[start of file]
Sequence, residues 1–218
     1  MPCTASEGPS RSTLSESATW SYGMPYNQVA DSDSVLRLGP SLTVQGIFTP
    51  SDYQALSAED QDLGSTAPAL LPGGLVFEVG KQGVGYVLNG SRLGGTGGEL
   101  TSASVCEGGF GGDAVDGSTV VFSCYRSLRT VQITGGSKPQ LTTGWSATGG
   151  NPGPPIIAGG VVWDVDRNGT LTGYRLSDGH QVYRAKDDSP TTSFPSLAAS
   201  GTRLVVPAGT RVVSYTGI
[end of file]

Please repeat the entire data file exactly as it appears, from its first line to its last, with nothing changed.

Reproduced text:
Sequence, residues 1–218
     1  MPCTASEGPS RSTLSESATW SYGMPYNQVA DSDSVLRLGP SLTVQGIFTP
    51  SDYQALSAED QDLGSTAPAL LPGGLVFEVG KQGVGYVLNG SRLGGTGGEL
   101  TSASVCEGGF GGDAVDGSTV VFSCYRSLRT VQITGGSKPQ LTTGWSATGG
   151  NPGPPIIAGG VVWDVDRNGT LTGYRLSDGH QVYRAKDDSP TTSFPSLAAS
   201  GTRLVVPAGT RVVSYTGI